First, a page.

Narendra Modi’s secret weapon: unnecessary opposition


INA COURT November 19 speech Narendra Modi, the Prime Minister of India, gave a humiliating speech U-turn. Barely a year after he passed a trio of agricultural reform laws through Parliament, he announced their repeal. The shame was not only to have given victory to the horde of peasants mounted on tractors who had been stubbornly protesting at the gates of the Indian capital since last November. It was to have spoiled the problem from the start.

Indian agriculture is indeed in desperate need of reform. Yet Mr Modi made no effort to reach consensus for his three new laws last year, pushing them through without debate. When farmers in northern India, many of whom are Sikhs, protested, he redoubled his fury, calling them thugs and traitors. The most powerful Indian leader in a generation then did nothing for months, as if the stalemate was someone else’s problem. That is, until elections in a few important agricultural states approached uncomfortably, after which Mr. Modi completely collapsed.

In any other democracy, a leader who flouted parliament, broke trust with an influential religious minority, and insisted on controversial reforms, then rejected them, paid a heavy political price. But although the farm bill fiasco is only the last link in a long chain of embarrassment under Modi, the prime minister remains largely unscathed. Admirers attribute his resistance to his personal charisma. They say it projects the strength and dignity that Indian voters seek in their own lives. Critics instead point to the deep pockets, cruelty and military discipline of his Bharatiya Janata party (BJP), discreetly supported by a network of allied Hindu-nationalist organizations and loudly amplified by relentless propaganda.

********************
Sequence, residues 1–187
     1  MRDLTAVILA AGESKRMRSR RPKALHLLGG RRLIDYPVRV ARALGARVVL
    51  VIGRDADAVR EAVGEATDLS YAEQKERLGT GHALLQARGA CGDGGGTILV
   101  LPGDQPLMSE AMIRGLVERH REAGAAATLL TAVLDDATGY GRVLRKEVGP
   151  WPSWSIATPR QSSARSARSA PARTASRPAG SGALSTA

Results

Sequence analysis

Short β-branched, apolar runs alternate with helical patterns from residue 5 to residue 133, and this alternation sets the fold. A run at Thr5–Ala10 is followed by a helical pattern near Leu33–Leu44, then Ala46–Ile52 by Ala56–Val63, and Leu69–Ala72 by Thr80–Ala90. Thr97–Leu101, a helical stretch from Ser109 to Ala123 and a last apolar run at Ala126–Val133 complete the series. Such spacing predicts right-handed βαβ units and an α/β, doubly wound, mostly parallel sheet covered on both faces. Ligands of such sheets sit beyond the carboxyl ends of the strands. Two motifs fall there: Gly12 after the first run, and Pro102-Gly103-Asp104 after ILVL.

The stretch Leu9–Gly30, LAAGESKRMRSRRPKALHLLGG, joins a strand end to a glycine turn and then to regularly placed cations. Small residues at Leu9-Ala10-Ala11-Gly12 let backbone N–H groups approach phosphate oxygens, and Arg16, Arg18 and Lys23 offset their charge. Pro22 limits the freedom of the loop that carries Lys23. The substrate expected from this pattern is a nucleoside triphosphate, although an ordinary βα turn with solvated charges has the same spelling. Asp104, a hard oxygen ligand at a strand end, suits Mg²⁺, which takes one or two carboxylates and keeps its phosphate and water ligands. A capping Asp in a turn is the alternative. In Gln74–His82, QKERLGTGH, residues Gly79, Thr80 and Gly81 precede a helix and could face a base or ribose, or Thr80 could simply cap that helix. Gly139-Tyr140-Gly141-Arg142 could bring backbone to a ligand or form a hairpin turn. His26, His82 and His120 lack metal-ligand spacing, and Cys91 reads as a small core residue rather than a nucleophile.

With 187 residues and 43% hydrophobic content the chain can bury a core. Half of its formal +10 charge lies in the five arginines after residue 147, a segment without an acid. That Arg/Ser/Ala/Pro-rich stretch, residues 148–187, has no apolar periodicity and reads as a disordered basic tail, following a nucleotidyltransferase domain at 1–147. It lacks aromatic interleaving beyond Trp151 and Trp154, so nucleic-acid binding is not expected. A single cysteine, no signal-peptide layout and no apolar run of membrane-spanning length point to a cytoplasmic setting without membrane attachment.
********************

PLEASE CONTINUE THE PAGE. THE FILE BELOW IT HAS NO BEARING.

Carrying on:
All of this surely matters, but it wouldn’t be enough without another secret weapon: the opposition. Throughout Mr. Modi’s tenure, the BJPOpponents of ‘s remained divided, weak and largely ineffective. That’s not to say they gave the prime minister a free ride. The withdrawal by Mr. Modi from circulation in 2016 of high face value banknotes, the BJPThe escalation of Islamophobia in a country of 200 million Muslims and the erratic handling of covid-19 made it easy for opposition politicians to trigger disgruntled voters. But despite the strange blow to Mr. Modi and beating the BJP in occasional state elections, they have so far failed to change India’s larger narrative.

For three decades, two major trends have marked the country’s politics. One is the rise of the BJP, which itself is the spearhead of a century-old movement founded on the idea that the predominantly Hindu nature of India has been unjustly suppressed for a thousand years. This idea of ​​victimization helped consolidate a so-called Hindu vote behind the BJP and made it difficult for other parties to challenge it without being vilified as less nationalist or flattering towards minorities.

The other trend has been the slow disintegration of the Congress Party, which carries the legacy of India’s secular independence movement. Congress was the party of government during the first decades of the Indian Republic, but its efforts to keep its tent as large as possible led to fragmentation. Of the leadership of almost all Indian states in the 1950s and 1960s, it now heads only three out of 28, compared to 12 for the BJP.